The previous owners had installed top-of-the-line appliances—a Sub-Zero refrigerator, Miele dishwasher, Wolf range and stove. Because we chose to keep the appliances, we designed around them. This was one advantage of a totally custom kitchen. We wanted a true exhaust hood for the Wolf range with higher CFM (cubic feet per minute – a measure of the volume of air that moves heat, odor, moisture and smoke per minute while cooking) capabilities than a typical over-the-range microwave venting system. The kitchen design didn’t really allow for an alternate microwave location, so we concealed it behind pocket doors in the island. The Sub-Zero refrigerator also impacted our design. The refrigerator door opened away from the cook and prep space in our new layout. Since Sub-Zero design does not accommodate switching the door hinge side, the island footprint was rotated and narrowed from what we had originally planned in order to provide comfortable clearance.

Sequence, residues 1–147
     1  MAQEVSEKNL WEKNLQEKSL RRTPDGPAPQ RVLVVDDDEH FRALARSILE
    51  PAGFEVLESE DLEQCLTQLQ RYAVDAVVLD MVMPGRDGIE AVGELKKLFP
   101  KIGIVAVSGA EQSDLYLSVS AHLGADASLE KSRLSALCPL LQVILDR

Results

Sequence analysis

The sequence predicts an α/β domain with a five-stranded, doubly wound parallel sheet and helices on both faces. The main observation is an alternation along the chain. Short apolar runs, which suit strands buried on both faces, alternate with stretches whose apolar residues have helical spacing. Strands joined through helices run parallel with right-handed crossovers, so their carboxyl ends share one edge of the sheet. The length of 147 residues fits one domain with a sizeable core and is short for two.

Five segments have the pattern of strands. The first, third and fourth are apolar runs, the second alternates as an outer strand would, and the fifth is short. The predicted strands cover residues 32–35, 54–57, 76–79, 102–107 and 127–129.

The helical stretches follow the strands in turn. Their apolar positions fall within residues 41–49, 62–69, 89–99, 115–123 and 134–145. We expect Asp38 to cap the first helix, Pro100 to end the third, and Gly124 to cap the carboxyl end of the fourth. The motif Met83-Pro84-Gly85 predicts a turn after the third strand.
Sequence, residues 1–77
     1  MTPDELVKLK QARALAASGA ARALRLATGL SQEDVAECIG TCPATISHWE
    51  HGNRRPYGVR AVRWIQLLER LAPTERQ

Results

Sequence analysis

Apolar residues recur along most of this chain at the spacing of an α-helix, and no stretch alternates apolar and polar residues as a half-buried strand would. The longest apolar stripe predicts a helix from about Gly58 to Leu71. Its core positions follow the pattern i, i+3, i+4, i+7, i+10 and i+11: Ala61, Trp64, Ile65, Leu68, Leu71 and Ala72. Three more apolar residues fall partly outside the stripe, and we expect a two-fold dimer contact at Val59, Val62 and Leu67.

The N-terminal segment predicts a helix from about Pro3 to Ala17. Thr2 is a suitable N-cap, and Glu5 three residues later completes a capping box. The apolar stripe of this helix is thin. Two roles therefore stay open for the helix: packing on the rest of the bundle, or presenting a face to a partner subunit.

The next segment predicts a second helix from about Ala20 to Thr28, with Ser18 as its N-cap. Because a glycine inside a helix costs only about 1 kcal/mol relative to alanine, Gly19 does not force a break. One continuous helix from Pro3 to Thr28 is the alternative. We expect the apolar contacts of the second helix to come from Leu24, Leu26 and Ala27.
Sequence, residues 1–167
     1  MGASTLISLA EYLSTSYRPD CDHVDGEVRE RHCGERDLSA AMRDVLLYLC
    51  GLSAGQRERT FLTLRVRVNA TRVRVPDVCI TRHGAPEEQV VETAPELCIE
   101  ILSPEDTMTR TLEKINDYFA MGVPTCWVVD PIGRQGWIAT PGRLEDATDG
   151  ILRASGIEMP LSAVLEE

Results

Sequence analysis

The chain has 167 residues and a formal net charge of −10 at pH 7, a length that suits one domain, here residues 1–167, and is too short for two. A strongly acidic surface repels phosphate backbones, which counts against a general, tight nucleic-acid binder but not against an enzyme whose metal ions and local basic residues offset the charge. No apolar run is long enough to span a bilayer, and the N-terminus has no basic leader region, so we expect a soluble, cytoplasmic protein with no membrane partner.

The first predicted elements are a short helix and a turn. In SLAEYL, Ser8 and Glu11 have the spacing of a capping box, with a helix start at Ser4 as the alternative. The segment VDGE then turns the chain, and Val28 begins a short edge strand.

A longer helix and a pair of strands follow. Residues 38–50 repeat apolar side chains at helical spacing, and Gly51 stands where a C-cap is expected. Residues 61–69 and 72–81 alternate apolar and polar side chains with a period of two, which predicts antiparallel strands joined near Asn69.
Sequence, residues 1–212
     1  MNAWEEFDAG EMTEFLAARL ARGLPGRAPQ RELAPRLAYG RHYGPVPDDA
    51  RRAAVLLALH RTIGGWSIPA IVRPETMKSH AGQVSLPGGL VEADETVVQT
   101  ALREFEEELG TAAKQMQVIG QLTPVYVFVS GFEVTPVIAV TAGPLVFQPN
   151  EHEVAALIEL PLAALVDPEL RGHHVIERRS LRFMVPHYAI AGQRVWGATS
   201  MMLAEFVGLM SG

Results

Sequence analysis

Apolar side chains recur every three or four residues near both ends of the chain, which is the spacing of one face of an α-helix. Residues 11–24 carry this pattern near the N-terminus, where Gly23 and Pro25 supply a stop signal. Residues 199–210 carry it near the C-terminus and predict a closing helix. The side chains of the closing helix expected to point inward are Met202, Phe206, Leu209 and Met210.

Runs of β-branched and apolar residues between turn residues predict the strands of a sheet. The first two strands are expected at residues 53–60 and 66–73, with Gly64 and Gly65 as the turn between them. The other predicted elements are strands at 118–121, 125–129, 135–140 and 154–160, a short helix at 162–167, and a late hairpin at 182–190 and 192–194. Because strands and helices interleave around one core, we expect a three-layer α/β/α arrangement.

The existing powder room design was very modern. To bring a more transitional feel marrying both traditional and contemporary elements into the bath, we replaced the tile, vanity mirrors and light fixtures for a more classic aesthetic. For the flooring, we chose Nemo’s Fluid basketweave marble mosaic; I love this pattern that was so common in prewar homes.
Next, we got to work on the master bath and bedrooms which are located in the semi-subterranean lower level—and with shorter ceilings. Making the space brighter and restoring historic charm was the goal.
Stay tuned next week for Part 2 when we visit the family’s lower level! Thank you Tina and Fletcher for showing what renovating with grace under pressure looks like.
KITCHEN RESOURCES: White gloss subway 2″ x 8″ wall tile: Nemo Tile. Shaker cabinets: custom. Newburyport Blue cabinet paint: Benjamin Moore. Frosty Carrina quartz countertops: Caesarstone. Brushed satin nickel cabinet hardware: Top Knobs. Bertazzoni KU30PRO1XV vent hood; Samsung microwave: AJ Madison. Gray wood floor finish: Bona.
POWDER ROOM RESOURCES: Fluid Basketweave Mosaic marble floor tile: Nemo Tile. Wall sconces: Schoolhouse Electric. Farris mirror: Dwell Studio.
We’re loving the smart and sophisticated look of navy blue cabinets—which reminds us of another kitchen renovation that was outfitted with a custom set in a similar shade of blue with a more rustic sensibility.